September 24, 2020

School of Business alumni fondly regard program

By Brielle Bryan
News Editor

The College’s School of Business was ranked No. 44 in Wharton Tops Poets&Quants’ Best Undergraduate Business Programs of 2017 on Dec. 5.

Poets&Quants, the leading online publication for undergraduate business education news, configures its rankings by asking 2015 graduates to rate their schools based on 15 various open-ended questions, according to the College’s website.

A main concern students have when applying to colleges is whether they will receive the education and resources they need to build their careers and have a job when they graduate.

The College’s School of Business ranks in Poets&Quants’ top 50 best business programs. (Meagan McDowell / Photo Editor)

Alumni of the School of Business have found that their time at the College was very well spent.

Alumnus Brian Dragotto (’16), founder of the College’s Entrepreneurship Club, felt that the College’s School of Business provided him a well rounded education.

“It’s so important for students to get involved and be a part of those networks, develop those relationships and learn from some of the nation’s top-rated business professors,” Dragotto said.

Herbert B. Mayo, professor of finance, and Kevin Michels, professor of marketing & interdisciplinary business, made Poets&Quants’ Top 40 Undergraduate Business Professors list, according to the School of Business website.

The College’s School of Business offers a variety of clubs for students to build their networks and enhance their learning experiences, such as the Entrepreneurship Club, Women in Business and the American Marketing Association.

About 60 percent of the students who receive a Bachelor of Science in Business Administration at the College receive one or more job offers before they even graduate, according to the School of Business’s website.

“At a time when parents and students are confronting ever increasing tuition bills and levels of debt, the return on investment of a degree is more important than ever,” Founder and Editor-in-Chief of Poets&Quants for Undergraduates John A. Byrne said.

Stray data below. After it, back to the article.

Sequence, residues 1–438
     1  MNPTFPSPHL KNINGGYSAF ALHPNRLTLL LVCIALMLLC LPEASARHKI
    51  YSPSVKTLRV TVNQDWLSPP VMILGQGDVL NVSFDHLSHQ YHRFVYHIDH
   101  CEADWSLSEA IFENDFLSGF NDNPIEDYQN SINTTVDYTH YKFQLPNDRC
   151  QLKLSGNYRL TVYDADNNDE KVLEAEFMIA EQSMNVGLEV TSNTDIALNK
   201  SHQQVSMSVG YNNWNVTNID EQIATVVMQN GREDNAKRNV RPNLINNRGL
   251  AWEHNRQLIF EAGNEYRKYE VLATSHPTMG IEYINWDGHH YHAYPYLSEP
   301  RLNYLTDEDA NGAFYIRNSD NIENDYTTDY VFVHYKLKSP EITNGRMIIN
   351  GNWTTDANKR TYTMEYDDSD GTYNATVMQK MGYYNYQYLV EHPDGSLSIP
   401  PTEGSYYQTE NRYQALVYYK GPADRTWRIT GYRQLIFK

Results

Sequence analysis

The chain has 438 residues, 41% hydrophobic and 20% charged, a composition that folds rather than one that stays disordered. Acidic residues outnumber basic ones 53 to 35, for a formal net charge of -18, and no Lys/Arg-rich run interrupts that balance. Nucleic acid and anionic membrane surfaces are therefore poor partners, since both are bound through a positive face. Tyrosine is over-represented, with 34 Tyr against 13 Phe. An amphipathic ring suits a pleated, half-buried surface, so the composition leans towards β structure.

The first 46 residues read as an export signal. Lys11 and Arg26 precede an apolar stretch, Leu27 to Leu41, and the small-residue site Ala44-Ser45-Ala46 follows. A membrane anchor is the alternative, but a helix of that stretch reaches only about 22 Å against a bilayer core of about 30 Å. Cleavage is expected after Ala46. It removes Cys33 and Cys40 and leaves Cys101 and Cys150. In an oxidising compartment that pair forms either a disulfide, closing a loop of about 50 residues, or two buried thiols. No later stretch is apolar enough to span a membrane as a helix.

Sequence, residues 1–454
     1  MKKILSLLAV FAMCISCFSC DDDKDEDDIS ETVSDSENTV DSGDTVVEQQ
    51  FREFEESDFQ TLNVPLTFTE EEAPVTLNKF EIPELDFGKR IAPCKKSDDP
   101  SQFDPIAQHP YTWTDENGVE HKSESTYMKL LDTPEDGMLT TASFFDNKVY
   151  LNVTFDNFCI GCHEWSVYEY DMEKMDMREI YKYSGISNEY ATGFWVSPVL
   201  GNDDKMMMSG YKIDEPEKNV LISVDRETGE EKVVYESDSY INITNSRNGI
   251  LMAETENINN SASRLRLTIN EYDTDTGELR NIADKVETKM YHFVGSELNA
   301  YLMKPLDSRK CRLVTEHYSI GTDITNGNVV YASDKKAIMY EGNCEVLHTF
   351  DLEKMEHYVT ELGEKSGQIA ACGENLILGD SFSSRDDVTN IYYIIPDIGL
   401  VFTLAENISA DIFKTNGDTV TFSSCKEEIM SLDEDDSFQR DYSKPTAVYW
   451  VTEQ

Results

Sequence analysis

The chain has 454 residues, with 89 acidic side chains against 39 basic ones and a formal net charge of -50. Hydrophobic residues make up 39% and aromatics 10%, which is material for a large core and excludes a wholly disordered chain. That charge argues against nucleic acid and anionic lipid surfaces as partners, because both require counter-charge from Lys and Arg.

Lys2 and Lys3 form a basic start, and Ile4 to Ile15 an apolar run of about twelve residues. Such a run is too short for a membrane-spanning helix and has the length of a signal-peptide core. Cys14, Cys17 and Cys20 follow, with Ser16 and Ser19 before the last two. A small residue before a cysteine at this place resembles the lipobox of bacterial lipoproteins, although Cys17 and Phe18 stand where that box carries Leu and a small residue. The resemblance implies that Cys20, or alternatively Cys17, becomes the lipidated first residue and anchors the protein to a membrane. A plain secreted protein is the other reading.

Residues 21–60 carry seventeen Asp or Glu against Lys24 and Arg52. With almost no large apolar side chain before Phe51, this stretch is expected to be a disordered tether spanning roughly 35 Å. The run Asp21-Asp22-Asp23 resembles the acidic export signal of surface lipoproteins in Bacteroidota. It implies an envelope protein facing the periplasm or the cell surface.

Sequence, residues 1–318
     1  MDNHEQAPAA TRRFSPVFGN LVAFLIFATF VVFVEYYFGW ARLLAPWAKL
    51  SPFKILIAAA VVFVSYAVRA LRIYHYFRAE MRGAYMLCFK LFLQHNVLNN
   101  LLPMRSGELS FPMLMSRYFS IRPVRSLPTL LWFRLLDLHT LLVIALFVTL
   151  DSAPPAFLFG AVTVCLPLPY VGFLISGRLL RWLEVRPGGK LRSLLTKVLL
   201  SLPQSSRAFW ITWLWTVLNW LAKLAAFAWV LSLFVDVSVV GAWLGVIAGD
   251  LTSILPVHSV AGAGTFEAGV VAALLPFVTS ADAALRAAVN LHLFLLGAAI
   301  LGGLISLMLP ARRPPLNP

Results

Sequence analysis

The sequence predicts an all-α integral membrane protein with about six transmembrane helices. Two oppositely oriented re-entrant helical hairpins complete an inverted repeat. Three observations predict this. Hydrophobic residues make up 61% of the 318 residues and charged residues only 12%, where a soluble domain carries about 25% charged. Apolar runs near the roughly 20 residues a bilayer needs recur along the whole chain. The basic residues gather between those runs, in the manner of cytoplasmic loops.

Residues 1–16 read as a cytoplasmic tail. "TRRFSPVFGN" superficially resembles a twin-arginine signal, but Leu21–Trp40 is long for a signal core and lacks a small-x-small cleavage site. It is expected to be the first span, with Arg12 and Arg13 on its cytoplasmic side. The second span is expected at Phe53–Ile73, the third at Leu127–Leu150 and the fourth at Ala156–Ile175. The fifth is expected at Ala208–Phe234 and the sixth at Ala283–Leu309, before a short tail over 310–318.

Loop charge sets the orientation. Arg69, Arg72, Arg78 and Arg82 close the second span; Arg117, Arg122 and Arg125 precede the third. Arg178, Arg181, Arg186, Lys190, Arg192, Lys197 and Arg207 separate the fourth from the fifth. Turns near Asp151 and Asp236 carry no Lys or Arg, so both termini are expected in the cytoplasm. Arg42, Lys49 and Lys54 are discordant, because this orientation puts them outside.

Joe Salamone, a 2017 alumnus and former president of the Entrepreneurship Club, completed his degree in interdisciplinary business. Salamone currently works at PKA Technologies, an exclusive partner of Hewlett-Packard, and was offered the job a month before his graduation.

“There is a learning curve with this new job but my major prepared me well for learning new subjects quickly,” Salamone said.

Dragotto is currently a financial advisor and managing associate at International Planning Alliance, but began his career at Merrill Lynch. He also received a job offer about a month before graduation.

Almost 80 percent of business students at the College complete at least one internship or co-op before graduation, according to the School of Business website.

During Dragotto’s sophomore year, he had a finance co-op at Johnson & Johnson.

“Instead of being surrounded by my peers, I found myself surrounded by people who knew more than me and had a better work ethic than me,” Dragotto said. “They gave me the chance to learn, fail and grow alongside of them, which is hard to do in a classroom setting.”

Salamone felt that in many ways the School of Business set him up for success, but if he could change one thing about the program, it would be to incorporate more Microsoft programs into the course curriculum.

“TCNJ, in general, is very pro-Google,” Salamone said. “At my new job, I have had to relearn how to use Outlook, Word, Excel and Sharepoint instead of Google’s gmail, docs and sheets, just to name a few. It was a transition.”

Aside from Poets&Quants, the School of Business was ranked highly by other publications as well.

The College ranked No. 57 in Best Colleges for Accounting and Finance in America for 2018, according to

In 2016, the College ranked No. 35 in Bloomberg’s Best Undergraduate Business Schools, up 28 spots from being ranked No. 63 in 2015.

“TCNJ’s School of Business has consistently placed among the top undergraduate programs in the country,” said William W. Keep, dean of the School of Business.

While it was a major achievement for the School of Business to make the list of top 50 undergraduate schools, if the program continues to maintain its focus on preparing students for a life after college, it may very well move further up in the ranks.

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